Short season on southern Ontario ice road makes First Nations life unpredictable

This winter marked the shortest ice road season anyone can remember in the Temagami First Nation.

There were only 11 days when the highway — a roughly seven-kilometre stretch of packed snow and ice that connects the island’s First Nation to the mainland — was open.

That’s meant project delays, harder access to food and health care and an increasingly unpredictable season for the community’s roughly 250 people as the First Nation struggles with how to adapt to a future shaped by global warming.

“Everyone I’ve spoken to has no recollection of a shortened season,” David McKenzie, chief executive of the First Nations, said in an interview this week. “We’re pretty sure it’s the shortest ever.”

Canada’s warmest winter on record has meant widespread problems for First Nations in northern Ontario connected to a network of winter roads built over frozen lands, rivers and lakes.

The Nishnawbe Aski Nation, which represents 49 First Nations in Ontario, declared a state of emergency in February due to icy roads.

Roads are a lifeline for 32 remote First Nations, a way to more easily and affordably deliver everything from commodities to construction materials for summer use.

Temagami First Nation, the southernmost of those communities, was the first to close its winter road for the season on March 1, according to updates released by NAN and the First Nation.

The uncertainty about how and when people will get on and off the island “may cause a little bit of anxiety for people,” McKenzie said.

“For us locally, we didn’t have as many people going out onto the land, onto the lakes, around our lakes, for ice fishing and, you know, their traditional winter activities because ice was a concern.” McKenzie said of the community at Lake Temagami.

Further north, Chief Russell Wesley of the Cat Lake First Nation said his community received money from the federal government to purchase a snowplow used to help lay the winter road.

“Traveling on our winter roads is dangerous,” he said during a news conference at Queen’s Park this month. “Winter roads have water crossings that have become more treacherous and unpredictable due to climate change.”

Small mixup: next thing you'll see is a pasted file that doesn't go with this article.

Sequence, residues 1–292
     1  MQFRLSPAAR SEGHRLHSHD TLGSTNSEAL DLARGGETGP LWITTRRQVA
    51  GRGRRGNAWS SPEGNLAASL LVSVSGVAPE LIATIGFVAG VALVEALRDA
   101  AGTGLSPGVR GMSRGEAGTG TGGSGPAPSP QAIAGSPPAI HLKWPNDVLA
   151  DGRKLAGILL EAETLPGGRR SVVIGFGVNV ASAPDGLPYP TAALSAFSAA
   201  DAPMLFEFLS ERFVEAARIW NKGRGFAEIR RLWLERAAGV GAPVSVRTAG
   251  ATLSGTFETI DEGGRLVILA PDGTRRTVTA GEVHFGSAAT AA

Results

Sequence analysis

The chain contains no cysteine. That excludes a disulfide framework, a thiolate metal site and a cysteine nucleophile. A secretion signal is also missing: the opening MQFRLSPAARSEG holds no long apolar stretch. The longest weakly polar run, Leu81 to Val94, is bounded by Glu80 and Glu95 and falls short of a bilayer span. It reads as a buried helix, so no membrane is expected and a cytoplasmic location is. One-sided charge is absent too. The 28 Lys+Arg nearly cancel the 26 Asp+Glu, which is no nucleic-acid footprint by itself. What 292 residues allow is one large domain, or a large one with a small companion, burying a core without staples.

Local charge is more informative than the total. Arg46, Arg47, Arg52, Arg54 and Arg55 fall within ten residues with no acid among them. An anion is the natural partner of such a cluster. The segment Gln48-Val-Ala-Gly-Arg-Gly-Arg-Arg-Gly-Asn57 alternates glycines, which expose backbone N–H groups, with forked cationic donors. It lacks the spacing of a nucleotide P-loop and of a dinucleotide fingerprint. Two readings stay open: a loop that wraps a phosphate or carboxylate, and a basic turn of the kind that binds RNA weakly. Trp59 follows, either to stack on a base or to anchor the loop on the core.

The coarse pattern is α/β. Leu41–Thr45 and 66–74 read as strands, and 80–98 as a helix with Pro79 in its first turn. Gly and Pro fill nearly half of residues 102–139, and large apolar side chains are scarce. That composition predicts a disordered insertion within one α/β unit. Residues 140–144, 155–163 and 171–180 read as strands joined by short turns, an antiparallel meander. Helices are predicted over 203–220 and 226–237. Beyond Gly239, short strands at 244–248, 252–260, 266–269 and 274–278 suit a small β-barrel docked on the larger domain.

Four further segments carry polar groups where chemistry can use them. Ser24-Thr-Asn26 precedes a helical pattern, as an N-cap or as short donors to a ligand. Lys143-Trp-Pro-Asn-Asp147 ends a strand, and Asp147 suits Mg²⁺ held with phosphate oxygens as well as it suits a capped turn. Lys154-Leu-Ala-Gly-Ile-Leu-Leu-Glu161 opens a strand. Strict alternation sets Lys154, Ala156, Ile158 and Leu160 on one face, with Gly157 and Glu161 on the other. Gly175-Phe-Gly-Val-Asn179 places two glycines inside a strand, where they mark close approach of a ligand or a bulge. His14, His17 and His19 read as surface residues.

Canada is warming faster than the rest of the world, partly due to decreasing snow and ice. While experts point out that El Niño, the natural weather pattern marked by weakening trade winds and moving waters in the Pacific Ocean, contributed to this winter’s record heat, many have blamed human-caused climate change. as the main driver.

In Temagami First Nation, the community is accessible by barge during the summer. On the other hand, some First Nations arriving north by plane have no choice but to take trucks on winter roads to transport materials and equipment too large to fit on small planes.

“We haven’t experienced the major delays to any infrastructure projects that some of the more northern First Nations are likely to have,” McKenzie said.

But there are still setbacks. The community planned to move a truck over a “tiny house” on the winter road to use as transitional housing for people in crisis, McKenzie said.

“We’ve had to reevaluate our plans and instead, we’re going to break into it this summer. But what that means is that the community won’t have this necessary resource until maybe three or four months from now,” he said.

While the ice is too thin for larger vehicles, the First Nation was still operating a snowmobile shuttle service to the mainland as of this week. But relying on those machines to get on and off the island also has its challenges, McKenzie said.

“We’ve been experiencing things like having to transport food from the food bank on snow machines, taking the elderly to doctor’s appointments all winter on snow machines,” he said.

“And believe me, when an elderly person has to go to a doctor or a necessary medical appointment… asking them to get on a sled behind a snow machine as part of that is a big ask.”

Over time, the ice will also become too thin and make snowmobile transportation too dangerous to operate. When that happens, there will be an interim period, what McKenzie called the “breakup” or “intermediate” season, in which residents will be effectively stranded on the island until the ice breaks up and ships can safely pass through again. McKenzie said. .

That season appears to be dragging on, McKenzie said. What used to be a four- or five-day period has turned into two weeks in some years, she said.

The community, he said, has a helicopter company hired next week in case of an emergency during that season, but otherwise residents are urged to stock up on food and obtain prescriptions in anticipation of the breakout.

“We have to be prepared for this uncertainty,” he said. “But believe me, when it comes to the elderly and young people who have things that require them to leave the island, this uncertainty does not make their lives any easier.”

McKenzie said the community could eventually seek funding for an additional hydrofoil (a vessel powered by an airplane-type propeller) or an icebreaker.

“I think we have to adjust our infrastructure plans to deal with this in the long term as well, and not just hope that climate change can be rectified,” he said.

“At the local level, here we only have the question of how to get on and off the island.”

This report by The Canadian Press was first published March 24, 2024.

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